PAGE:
San Quentin Reports 1,101 New Cases of Coronavirus in Two Weeks

Coronavirus cases at the federal prison in San Quentin, California have surged as 1,101 new cases have been confirmed within the last two weeks by the California Department of Corrections and Rehabilitation (CDCR).

Currently, there are 2,582 inmates diagnosed with coronavirus within the entire California prison system. San Quentin houses approximately 3,700 inmates with 1,054 cases classified as "active, in custody." Although no fatalities attributable to the virus have been reported at San Quentin, the CDCR does not list any cases as being resolved at the prison.

According to the CDCR website, experts from California Correctional Health Care Services (CCHCS) are working together with officials at the prison to build "air conditioned tent structures" on the prison grounds. Logistics considerations are being made to "determine the most effective use of additional medical triage and housing space." No target date for the creation of the structures has been announced.

Newsweek reached out to the CDCR for comment. This story will be updated with any response.

On Wednesday, California Governor Gavin Newsom announced that state officials hoped to hasten an early release for some prisoners who have been deemed low-risk. Approximately 3,500 prisoners are being reviewed for early release eligibility by California courts.

san quentin, california
California's San Quentin prison has reported over 1,000 positive cases of coronavirus according to data released Monday. Justin Sullivan/Getty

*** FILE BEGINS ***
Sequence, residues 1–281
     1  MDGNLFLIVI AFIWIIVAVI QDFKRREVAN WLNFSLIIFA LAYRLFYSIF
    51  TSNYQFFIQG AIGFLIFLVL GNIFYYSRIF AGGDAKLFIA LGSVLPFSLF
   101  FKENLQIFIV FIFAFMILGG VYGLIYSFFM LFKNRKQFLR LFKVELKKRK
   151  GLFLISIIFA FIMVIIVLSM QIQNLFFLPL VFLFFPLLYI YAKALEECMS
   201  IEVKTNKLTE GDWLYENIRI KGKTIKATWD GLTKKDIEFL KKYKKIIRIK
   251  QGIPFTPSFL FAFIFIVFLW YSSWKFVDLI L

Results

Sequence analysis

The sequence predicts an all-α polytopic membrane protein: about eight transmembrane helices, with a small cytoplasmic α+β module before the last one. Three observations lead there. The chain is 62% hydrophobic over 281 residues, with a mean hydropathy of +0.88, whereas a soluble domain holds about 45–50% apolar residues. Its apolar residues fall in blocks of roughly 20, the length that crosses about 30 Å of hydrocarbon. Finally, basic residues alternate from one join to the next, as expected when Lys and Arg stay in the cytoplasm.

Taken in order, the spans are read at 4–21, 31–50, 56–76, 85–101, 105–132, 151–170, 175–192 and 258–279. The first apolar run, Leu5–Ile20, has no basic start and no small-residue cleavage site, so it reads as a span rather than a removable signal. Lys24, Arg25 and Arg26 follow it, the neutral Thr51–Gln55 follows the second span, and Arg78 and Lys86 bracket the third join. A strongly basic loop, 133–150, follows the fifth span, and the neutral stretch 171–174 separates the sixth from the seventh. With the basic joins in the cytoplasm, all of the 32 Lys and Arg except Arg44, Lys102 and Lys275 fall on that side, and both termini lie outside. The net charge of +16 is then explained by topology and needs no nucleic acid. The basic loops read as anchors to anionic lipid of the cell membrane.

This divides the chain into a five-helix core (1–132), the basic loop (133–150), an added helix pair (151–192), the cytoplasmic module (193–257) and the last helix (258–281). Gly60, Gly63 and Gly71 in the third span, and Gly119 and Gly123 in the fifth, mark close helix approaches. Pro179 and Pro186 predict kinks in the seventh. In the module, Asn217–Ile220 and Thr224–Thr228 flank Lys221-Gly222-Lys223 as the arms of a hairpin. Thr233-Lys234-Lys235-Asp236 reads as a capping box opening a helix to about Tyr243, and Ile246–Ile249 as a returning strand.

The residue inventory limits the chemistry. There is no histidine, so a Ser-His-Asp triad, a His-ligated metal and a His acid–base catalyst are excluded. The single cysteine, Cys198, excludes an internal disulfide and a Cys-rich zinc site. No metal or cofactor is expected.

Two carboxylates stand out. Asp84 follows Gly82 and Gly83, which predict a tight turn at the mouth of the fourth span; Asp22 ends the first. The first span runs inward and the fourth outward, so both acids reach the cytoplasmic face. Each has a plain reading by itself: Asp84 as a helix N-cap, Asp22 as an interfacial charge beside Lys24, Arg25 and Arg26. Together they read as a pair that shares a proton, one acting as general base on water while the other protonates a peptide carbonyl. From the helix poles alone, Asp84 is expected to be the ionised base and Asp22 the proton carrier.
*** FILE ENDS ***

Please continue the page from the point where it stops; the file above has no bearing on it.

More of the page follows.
Newsom said the outbreak at San Quentin has "always been a point of concern," but that it was "not surprising to see the numbers, more generally, increase."

Other prisons in California have seen coronavirus outbreaks, including the California Institute for Men (CIM) in Chino. Over the last 14 days, the CIM reported 65 new positive cases of the virus. In total, 16 deaths at the prison are attributable to the coronavirus.

Prisons have become coronavirus hotspots due to confined living conditions which increase the risk of the virus spreading throughout prison communities. According to a June memo from Berkeley Public Health and prison health advocacy group Amend, San Quentin is not equipped to handle a COVID-19 outbreak.

"San Quentin is an extremely dangerous place for an outbreak," the memo read. "Everything should be done to decrease the number of people exposed to this environment as quickly as possible."

Systemwide, the CDCR has transferred 1,928 inmates to other institutions where cells were vacant in an effort to increase social distancing. In addition, prisons have limited the number of inmates allowed into dayrooms at one time and have initiated social distancing protocols into areas where prisoners must wait in line.

County facilities in California are also dealing with coronavirus outbreaks. In May, surveillance footage from the Pitchess Correctional Facility in Castaic showed inmates attempting to spread coronavirus among themselves. Video showed the inmates violating social distancing, sharing water and breathing into a shared facemask. Within a week of the incident, 21 new cases of the coronavirus were recorded at the jail.

"There was some mistaken belief among the inmate population that if they tested positive, there was a way to force our hand and somehow release more inmates out of our jail environment," said Los Angeles County Sheriff Alex Villanueva at the time, "and that's not going to happen."